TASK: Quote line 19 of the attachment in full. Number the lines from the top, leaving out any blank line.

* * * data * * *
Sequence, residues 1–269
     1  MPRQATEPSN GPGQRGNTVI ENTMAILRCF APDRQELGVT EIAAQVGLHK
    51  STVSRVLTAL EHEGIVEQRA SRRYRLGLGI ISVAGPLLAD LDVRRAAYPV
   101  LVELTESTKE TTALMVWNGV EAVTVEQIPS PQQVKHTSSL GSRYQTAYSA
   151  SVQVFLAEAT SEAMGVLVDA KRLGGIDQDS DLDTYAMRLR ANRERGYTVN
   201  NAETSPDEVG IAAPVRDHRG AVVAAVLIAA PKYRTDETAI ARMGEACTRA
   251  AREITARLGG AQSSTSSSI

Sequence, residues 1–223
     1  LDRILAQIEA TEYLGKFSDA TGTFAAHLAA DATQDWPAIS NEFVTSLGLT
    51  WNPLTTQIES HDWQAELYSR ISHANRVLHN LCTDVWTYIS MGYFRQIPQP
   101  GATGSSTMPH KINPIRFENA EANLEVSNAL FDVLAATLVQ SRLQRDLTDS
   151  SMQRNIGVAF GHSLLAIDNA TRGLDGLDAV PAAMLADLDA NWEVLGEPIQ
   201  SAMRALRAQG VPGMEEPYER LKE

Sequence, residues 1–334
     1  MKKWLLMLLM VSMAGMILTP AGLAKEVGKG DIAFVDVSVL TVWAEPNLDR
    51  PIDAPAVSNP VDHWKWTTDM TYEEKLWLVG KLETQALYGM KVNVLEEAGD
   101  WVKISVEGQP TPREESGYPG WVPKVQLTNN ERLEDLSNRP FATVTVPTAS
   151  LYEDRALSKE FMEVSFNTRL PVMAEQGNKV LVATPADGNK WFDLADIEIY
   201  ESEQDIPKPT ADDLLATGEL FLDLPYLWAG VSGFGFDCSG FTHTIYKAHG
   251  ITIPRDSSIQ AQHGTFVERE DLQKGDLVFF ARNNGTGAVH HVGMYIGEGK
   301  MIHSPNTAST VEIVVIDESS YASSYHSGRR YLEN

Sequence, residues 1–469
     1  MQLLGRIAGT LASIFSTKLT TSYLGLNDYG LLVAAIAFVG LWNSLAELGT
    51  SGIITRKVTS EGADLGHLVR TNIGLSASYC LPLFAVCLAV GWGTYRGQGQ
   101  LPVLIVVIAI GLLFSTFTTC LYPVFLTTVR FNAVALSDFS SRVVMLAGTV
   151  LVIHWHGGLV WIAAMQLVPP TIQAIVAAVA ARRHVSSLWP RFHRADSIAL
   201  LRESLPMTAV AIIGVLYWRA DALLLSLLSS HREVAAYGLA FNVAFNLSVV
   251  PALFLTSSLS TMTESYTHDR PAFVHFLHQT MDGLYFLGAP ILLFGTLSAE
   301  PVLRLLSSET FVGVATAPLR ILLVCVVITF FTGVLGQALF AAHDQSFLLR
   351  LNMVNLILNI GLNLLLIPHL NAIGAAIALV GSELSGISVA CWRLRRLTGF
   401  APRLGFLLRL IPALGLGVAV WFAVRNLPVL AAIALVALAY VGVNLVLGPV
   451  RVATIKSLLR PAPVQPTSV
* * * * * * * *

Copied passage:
   201  ESEQDIPKPT ADDLLATGEL FLDLPYLWAG VSGFGFDCSG FTHTIYKAHG